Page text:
Author: Nicholas Farrelly, ANU
Thailand goes to the polls today for only the second time since the military coup of September 2006.
That coup was designed to obliterate the election-winning juggernaut commanded by Prime Minister Thaksin Shinawatra. But just over a year later, in December 2007, Thaksin’s allies stormed back to power with a re-branded political vehicle. Much to the astonishment of the coup-makers and their cheer squad among Bangkok’s middle class and elite, Thaksin, the most electorally successful politician in Thai history, still managed to draw the most votes.
Thaksin and his allies had endured military intervention, official sanctions and a persistent smear campaign. But by the end of 2007 they were back in power. With no immediate trigger for another coup, shadowy interests were then used in 2008 to unseat two prime ministers from Thaksin’s side. Those leaders were out-manoeuvred by a concert of royalist-military-judicial forces still unwilling to accept the verdict of the people.
Thaksin’s men were replaced by Prime Minister Abhisit Vejjajiva: a youthful, dashing, British-educated career politician from the Democrat Party — a party which has rarely done well in national polls. Abhisit has now been in power for over two years and has overseen two periods of punctuated political conflict.
First, he guided Thailand through the awkward days in April 2009 when, due to agitated Thaksin allies taking to the streets, he was forced to abruptly cancel the East Asia Summit. It was an ignominious start to his time as prime minister and signalled the intention of Thaksin-aligned Red Shirt activists to continue their provocation and disruption.
Then, in 2010, things got even more heated when a months-long protest in central Bangkok brought parts of the city to a standstill. Huge crowds of Red Shirts, sometimes in boisterous convoys, but also fortified in strategic locations across the city, sought to bring Abhisit’s government to its knees.
In April, and then again in May, their tactics were met by Thai army firepower. Images of snipers taking on unarmed civilians in central Bangkok made front pages around the world. Certain elements among the Red Shirts were better armed and sought to take the fight back to government forces. On the final day of that bloody crackdown some embraced spectacular acts of arson to vent their anger at the government’s heavy-handedness.
But then — after the burning and killing and grief — things went quiet. Abhisit’s government initiated a program of reconciliation and called for all Thais to discard their recent animosities. The government insisted that everyone forget about the bloodshed as they rounded up Red Shirt leaders for indeterminate periods of incarceration.
In its public pronouncements the Abhisit government asked Thais to commit themselves to the country’s unifying trinity of nation, religion and king.
And then they decided an election was worth a shot.
In the lead-up to today’s poll the emotions within Abhisit’s circle of advisors must have swung wildly.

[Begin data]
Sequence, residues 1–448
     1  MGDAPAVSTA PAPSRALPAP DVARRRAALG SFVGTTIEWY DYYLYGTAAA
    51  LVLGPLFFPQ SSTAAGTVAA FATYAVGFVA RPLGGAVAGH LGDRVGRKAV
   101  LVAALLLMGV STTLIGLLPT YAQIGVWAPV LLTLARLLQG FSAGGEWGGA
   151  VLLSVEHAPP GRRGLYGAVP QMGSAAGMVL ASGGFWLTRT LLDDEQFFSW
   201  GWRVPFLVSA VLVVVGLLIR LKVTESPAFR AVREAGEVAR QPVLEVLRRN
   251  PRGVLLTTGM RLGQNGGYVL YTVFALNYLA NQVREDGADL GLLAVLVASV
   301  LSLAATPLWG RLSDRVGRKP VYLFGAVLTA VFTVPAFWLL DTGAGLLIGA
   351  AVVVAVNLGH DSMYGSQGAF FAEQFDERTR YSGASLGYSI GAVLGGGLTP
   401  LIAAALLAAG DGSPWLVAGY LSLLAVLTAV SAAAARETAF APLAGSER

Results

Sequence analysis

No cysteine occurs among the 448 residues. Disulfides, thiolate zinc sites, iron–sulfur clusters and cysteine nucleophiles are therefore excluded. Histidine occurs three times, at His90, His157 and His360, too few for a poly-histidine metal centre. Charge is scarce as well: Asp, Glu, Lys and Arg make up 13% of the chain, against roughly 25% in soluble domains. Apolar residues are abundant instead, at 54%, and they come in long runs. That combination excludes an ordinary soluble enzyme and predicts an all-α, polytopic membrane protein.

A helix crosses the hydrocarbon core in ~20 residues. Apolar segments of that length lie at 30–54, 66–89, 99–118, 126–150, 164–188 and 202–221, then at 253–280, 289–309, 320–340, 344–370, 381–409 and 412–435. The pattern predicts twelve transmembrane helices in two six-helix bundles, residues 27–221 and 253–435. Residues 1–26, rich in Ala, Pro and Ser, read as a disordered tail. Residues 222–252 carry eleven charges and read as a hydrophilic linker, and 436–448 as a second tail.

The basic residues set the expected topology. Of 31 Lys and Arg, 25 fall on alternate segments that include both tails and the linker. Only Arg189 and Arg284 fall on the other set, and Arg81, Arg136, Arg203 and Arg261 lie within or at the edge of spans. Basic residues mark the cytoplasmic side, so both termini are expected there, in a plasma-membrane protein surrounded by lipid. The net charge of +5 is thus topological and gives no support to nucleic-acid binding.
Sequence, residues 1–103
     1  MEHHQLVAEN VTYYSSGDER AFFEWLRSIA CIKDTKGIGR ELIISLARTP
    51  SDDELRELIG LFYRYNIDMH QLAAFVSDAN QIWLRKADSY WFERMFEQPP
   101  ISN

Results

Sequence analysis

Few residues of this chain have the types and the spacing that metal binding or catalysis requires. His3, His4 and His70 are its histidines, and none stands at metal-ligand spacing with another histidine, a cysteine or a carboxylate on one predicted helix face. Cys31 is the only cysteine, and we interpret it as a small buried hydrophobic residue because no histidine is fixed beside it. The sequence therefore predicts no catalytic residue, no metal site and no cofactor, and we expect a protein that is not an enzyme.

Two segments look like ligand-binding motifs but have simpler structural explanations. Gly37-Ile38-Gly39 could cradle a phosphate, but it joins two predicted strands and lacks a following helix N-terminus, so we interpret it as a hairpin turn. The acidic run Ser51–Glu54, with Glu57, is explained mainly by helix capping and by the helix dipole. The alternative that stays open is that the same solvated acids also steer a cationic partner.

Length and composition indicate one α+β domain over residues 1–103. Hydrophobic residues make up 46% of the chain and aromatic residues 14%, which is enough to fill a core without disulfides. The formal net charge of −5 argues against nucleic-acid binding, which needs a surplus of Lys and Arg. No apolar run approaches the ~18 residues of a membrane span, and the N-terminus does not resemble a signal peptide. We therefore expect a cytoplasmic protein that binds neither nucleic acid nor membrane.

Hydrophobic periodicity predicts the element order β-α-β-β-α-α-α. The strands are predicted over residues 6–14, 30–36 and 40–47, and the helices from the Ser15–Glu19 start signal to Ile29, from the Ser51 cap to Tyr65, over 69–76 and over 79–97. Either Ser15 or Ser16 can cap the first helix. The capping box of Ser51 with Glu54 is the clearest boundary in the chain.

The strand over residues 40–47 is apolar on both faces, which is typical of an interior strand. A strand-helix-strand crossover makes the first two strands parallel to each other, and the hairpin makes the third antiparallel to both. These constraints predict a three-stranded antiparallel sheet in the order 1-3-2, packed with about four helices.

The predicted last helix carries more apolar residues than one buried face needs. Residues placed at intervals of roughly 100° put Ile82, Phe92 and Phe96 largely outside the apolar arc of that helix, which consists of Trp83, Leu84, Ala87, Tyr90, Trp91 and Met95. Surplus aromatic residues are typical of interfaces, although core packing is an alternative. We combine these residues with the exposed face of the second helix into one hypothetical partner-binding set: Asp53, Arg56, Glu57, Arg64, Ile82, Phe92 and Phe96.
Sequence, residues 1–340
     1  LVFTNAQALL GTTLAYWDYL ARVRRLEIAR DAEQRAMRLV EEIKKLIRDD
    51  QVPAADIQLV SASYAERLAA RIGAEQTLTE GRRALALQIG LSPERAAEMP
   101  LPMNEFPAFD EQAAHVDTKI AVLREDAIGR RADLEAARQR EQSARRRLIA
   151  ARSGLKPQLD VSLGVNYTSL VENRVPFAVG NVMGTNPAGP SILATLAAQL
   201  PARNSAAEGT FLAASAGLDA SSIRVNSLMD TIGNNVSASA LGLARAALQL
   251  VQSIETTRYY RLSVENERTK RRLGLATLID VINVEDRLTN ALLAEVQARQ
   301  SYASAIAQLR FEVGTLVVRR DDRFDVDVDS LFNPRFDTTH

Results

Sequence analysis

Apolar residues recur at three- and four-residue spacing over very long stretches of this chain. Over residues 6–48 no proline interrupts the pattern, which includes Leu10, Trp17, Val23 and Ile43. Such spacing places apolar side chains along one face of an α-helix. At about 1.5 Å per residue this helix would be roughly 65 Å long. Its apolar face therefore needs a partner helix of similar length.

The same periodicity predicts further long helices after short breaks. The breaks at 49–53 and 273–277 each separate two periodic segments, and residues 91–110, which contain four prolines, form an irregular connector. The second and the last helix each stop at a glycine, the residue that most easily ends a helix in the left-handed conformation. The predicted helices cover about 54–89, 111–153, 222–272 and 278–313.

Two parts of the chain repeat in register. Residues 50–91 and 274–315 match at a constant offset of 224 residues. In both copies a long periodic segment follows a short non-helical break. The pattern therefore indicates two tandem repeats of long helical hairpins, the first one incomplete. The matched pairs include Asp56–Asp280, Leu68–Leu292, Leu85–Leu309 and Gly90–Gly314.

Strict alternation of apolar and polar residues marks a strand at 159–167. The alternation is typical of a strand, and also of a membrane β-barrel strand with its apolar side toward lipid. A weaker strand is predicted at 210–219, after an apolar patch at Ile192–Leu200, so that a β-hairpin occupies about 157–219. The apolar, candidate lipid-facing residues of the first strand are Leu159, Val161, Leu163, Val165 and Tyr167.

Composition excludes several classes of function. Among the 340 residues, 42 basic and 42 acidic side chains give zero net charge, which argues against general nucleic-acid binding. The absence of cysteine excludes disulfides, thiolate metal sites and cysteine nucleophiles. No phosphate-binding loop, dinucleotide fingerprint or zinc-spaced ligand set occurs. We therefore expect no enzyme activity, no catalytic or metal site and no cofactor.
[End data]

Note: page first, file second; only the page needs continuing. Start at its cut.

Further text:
When the date for the election was initially announced Abhisit and those around him appeared to expect a very strong showing at the polls. Seeking any chance to strengthen their mandate and disabuse their critics of the notion that the Democrat Party struggles to win popular support, they pulled the trigger at a time chosen to maximise their opportunity for success.
As the election campaign picked up speed, Yingluck Shinawatra, Thaksin’s sister, was introduced to the Thai people as the opposition’s prime ministerial candidate. Abhisit’s strategies started to look increasingly stale, and things have turned for the worse.
Some Democrat Party supporters must now be wondering whether an election in 2011 was such a good idea after all.
Their dreams of a dominant election performance unravelled as soon as Abhisit was forced to campaign. While appraisals of Yingluck’s performance vary, she seems to have generated far more buzz than anybody had initially anticipated. The novelty of being the first female candidate for the country’s top political office is one aspect. But Yingluck has also benefited from a consistent and professional campaigning strategy, and from her family resemblance to Thaksin. My colleague Andrew Walker has gone so far as to describe her as ‘Thaksin in a frock’.
To the horror of the Democrats, and if the opinion polls can be believed, it is Yingluck who now looks set to form the next Thai government.
Much will depend on the details of the electoral mathematics. Unless she manages to garner a big majority she will still need the support of minor parties to form a coalition. During any negotiations to create the next government there will be constant efforts to delegitimise Yingluck and to destabilise, right from day one, any coalition that she forms.
Nonetheless, Yingluck is now poised to shake up the Thai political order, and to challenge some of the impressions that Thai authorities have broadcasted since the coup against her brother in September 2006.
Today’s election is a referendum on everything that has happened over the past five years. It promises to be an important vote for the future of Thailand and one that will send a message about the country’s troubled record of respecting democratic mandates.
Dr Nicholas Farrelly works in the School of Regulation, Justice and Diplomacy in the Australian National University’s College of Asia and the Pacific. In June 2006 he co-founded New Mandala.
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